We woke up to frost on the tent and the surrounding haystacks as music blared from the business across the field. We were serenaded by 1950’s music only with Spanish lyrics.
At first my rumbling stomach and I were excited, hoping that it was a diner with fond memories of a stack of hot cakes from the Roadkill Diner on Route 66. We were not so fortunate.
However, we enjoyed a breakfast of oatmeal, complete with raisins, cranberries, almonds and a fresh banana and spiced with cinnamon and nutmeg. The almonds were a real treat, courtesy of a trip to Walmart. Almonds are imported from the USA and are really expensive in Mexico. At Walmart they are about double the price of those found in the US. I’ve found them (but not purchased them) at other shops anywhere from triple to quadruple the price in the US.
On the road we found ourselves in the middle of a group of bicyclists and a convoy of buses on a pilgrimage to Chalma. We kept leap-frogging one another as we passed through towns along the way.
In one town, we detoured through some side streets and ran into a quinceañera procession complete with mariachis serenading the young lady. We pulled off to the side, clapped and offered well wishes.
Later, the bus convoy and cyclists continued on to Chalma and we made a left and proceeded to get very high.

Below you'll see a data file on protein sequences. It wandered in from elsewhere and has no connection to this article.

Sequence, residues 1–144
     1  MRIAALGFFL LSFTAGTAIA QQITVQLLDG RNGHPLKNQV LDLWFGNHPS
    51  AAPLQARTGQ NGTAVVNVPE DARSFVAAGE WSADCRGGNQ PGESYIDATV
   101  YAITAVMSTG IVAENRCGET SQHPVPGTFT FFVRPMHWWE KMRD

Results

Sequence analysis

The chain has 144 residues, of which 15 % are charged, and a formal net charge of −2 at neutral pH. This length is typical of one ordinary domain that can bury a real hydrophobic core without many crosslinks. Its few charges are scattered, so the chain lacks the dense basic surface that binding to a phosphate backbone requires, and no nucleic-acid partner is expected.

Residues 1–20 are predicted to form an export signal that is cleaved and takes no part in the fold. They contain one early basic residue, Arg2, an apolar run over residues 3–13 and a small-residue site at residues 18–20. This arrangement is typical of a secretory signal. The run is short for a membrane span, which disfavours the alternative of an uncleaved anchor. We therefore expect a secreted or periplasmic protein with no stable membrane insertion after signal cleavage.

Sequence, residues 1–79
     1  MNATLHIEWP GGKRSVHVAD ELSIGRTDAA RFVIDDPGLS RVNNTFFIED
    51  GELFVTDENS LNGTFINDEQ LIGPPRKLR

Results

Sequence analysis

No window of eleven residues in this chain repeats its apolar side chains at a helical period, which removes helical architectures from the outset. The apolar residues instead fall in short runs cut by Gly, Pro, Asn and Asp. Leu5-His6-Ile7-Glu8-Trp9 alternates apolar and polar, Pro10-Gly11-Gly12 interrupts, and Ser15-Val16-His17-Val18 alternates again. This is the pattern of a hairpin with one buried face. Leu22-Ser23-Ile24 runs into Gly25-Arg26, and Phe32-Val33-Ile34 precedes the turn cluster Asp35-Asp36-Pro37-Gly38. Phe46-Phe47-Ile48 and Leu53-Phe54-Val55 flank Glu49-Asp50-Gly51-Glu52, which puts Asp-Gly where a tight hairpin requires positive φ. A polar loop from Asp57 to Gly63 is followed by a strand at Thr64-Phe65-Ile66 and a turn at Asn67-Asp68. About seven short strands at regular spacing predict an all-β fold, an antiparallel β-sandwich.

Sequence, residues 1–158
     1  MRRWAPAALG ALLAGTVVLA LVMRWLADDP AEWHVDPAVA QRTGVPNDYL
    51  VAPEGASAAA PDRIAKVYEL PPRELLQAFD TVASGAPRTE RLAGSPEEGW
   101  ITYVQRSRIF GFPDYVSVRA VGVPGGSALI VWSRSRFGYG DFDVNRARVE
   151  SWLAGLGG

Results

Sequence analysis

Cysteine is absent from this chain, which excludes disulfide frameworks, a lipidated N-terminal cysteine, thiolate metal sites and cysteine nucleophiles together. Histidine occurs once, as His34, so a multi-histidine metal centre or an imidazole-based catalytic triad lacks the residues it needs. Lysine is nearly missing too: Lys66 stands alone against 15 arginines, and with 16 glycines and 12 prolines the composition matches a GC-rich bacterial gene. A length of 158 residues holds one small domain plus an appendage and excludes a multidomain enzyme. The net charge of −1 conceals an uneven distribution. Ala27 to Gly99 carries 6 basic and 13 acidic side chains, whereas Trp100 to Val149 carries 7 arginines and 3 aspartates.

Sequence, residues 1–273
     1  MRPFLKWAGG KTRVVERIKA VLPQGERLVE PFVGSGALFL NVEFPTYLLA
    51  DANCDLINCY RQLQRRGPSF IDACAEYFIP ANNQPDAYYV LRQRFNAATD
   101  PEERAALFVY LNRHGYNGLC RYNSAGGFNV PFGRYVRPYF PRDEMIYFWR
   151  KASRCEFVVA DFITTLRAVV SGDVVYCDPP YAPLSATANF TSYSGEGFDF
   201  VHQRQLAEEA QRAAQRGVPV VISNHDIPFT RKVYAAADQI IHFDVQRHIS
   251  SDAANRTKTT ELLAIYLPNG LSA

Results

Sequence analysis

We peaked at 10,384 feet (1,165 m), a record for this trip on fully loaded bikes (previously we’d been above 10,000 feet, but on unloaded bikes, to see the Bristlecone Pines). The long steep climb wound us through lush meadows and pine forests, before crossing the continental divide. It also yielded our first Mexican road surprise, fittingly a Mexican flag.
The views on the other side were equally majestic where we rode through Lagunas de Zempoala National Park. We were treated to several lakes nestled in pine ringed valleys.
The rest of the day was a downer for multiple reasons. First, we gave up all of our hard earned ascent, trading it for a long, fast decent. The temperature became noticeably warmer over 6000 feet (1828 m) below where we peaked. Secondly, one of my fears of quitting work is that someday, for some reason, we’d be broke and living under a bridge. The later part of that fear came true. Near dark, in a construction zone, I faced my fear as we encamped, out of sight, under a bridge.